Sexually dimorphic myofilament function and cardiac troponin I phosphospecies distribution in hypertrophic cardiomyopathy mice

Laurel A K McKee, Hao Chen, Jessica A Regan, Samantha M Behunin, Jeffery W Walker, John S Walker, John P Konhilas
Archives of Biochemistry and Biophysics 2013 July 1, 535 (1): 39-48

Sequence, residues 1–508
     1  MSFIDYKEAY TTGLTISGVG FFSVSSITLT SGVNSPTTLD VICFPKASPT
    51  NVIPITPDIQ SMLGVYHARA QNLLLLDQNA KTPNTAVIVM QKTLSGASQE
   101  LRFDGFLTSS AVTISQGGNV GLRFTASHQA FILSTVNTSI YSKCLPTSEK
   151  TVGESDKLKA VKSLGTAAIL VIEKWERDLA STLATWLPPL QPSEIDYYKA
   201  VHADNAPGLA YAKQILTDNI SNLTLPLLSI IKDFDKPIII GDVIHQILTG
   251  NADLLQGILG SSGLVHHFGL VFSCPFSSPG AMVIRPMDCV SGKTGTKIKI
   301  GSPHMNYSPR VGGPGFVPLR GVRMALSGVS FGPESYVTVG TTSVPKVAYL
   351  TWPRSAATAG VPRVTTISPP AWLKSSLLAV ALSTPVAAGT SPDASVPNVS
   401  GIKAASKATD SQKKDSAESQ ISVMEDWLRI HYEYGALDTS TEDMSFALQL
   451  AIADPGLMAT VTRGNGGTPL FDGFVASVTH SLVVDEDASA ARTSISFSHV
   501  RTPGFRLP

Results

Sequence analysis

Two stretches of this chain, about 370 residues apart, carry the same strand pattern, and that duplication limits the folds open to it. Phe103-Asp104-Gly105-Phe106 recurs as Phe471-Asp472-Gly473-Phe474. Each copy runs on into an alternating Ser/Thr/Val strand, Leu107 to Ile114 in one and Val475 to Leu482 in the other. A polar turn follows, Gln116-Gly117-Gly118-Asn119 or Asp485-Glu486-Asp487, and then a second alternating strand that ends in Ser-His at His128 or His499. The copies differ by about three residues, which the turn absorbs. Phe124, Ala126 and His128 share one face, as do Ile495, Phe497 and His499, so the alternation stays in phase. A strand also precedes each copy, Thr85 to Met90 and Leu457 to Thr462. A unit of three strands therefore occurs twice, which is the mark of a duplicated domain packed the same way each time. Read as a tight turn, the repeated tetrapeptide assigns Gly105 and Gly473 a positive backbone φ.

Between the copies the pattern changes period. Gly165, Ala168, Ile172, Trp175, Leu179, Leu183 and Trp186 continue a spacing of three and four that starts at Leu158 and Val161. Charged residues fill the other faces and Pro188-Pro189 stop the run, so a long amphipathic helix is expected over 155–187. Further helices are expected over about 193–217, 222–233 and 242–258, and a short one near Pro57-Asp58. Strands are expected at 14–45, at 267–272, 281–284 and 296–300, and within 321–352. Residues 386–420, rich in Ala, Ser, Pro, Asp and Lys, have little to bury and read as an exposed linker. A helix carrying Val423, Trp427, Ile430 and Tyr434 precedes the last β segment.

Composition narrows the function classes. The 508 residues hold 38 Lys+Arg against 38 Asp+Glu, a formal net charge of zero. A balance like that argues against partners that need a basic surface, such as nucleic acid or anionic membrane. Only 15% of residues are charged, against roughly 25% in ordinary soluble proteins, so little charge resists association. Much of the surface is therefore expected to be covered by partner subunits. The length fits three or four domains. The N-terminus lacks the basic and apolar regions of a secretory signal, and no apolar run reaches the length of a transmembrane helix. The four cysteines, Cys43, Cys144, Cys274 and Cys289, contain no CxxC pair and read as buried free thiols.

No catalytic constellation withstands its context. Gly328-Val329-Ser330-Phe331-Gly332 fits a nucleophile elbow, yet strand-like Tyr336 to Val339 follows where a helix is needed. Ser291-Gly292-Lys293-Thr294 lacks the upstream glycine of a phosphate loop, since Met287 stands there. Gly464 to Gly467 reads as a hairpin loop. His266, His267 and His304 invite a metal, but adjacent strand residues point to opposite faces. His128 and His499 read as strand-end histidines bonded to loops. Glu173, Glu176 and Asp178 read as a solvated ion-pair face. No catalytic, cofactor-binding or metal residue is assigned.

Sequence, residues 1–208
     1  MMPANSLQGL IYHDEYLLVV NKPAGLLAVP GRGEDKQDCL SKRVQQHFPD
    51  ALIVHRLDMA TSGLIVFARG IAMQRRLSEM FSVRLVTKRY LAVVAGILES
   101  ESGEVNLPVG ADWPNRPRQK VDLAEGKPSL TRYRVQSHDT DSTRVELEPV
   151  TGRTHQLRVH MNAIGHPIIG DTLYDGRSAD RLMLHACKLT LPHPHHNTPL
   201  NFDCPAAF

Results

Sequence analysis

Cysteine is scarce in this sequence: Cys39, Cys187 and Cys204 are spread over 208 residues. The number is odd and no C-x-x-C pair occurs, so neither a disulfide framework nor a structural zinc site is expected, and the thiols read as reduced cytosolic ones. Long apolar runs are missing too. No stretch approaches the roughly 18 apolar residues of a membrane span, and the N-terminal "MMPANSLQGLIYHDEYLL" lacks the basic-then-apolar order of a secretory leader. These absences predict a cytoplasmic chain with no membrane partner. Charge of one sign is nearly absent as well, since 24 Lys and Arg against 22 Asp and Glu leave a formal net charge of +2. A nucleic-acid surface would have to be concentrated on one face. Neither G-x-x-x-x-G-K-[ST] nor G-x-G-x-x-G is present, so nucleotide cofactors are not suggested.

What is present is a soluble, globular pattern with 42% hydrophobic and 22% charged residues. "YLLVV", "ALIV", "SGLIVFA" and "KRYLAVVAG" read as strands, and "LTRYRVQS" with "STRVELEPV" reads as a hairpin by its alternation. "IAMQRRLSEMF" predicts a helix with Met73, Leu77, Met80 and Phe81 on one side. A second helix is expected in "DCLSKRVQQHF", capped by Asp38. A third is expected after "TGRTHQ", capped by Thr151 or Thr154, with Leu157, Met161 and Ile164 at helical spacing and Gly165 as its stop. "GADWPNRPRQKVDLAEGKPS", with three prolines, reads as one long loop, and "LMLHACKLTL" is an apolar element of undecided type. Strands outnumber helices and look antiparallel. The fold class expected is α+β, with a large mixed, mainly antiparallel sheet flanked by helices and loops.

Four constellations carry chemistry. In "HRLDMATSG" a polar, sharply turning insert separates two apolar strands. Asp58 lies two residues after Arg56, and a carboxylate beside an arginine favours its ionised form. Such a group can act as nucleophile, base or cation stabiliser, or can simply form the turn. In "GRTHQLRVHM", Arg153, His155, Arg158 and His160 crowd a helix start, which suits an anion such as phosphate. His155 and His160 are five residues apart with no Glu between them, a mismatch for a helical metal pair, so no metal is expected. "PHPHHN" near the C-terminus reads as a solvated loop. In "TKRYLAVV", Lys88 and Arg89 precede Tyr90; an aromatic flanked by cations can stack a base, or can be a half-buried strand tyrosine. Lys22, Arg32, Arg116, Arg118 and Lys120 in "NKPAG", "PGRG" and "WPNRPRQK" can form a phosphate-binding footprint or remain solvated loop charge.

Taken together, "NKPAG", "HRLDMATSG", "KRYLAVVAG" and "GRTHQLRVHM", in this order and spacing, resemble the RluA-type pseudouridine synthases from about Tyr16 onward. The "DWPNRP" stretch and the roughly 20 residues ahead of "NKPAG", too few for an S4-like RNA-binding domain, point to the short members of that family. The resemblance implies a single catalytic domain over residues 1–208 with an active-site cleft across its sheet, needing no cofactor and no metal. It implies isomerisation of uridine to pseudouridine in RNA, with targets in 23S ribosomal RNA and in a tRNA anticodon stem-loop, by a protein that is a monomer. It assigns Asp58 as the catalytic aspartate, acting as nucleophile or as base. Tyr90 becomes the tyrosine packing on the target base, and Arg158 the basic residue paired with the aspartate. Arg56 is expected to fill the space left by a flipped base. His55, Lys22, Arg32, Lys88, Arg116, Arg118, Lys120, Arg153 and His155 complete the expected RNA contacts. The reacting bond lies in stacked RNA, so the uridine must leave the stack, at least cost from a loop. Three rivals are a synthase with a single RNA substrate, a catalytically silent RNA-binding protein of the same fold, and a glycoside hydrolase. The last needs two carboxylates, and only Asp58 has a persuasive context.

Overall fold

The pathological progression of hypertrophic cardiomyopathy (HCM) is sexually dimorphic such that male HCM mice develop phenotypic indicators of cardiac disease well before female HCM mice. Here, we hypothesized that alterations in myofilament function underlies, in part, this sex dimorphism in HCM disease development. Firstly, 10-12month female HCM (harboring a mutant [R403Q] myosin heavy chain) mice presented with proportionately larger hearts than male HCM mice. Next, we determined Ca(2+)-sensitive tension development in demembranated cardiac trabeculae excised from 10-12month female and male HCM mice. Whereas HCM did not impact Ca(2+)-sensitive tension development in male trabeculae, female HCM trabeculae were more sensitive to Ca(2+) than wild-type (WT) counterparts and both WT and HCM males. We hypothesized that the underlying cause of this sex difference in Ca(2+)-sensitive tension development was due to changes in Ca(2+) handling and sarcomeric proteins, including expression of SR Ca(2+) ATPase (2a) (SERCA2a), β-myosin heavy chain (β-MyHC) and post-translational modifications of myofilament proteins. Female HCM hearts showed an elevation of SERCA2a and β-MyHC protein whereas male HCM hearts showed a similar elevation of β-MyHC protein but a reduced level of cardiac troponin T (cTnT) phosphorylation. We also measured the distribution of cardiac troponin I (cTnI) phosphospecies using phosphate-affinity SDS-PAGE. The distribution of cTnI phosphospecies depended on sex and HCM. In conclusion, female and male HCM mice display sex dimorphic myofilament function that is accompanied by a sex- and HCM-dependent distribution of sarcomeric proteins and cTnI phosphospecies.

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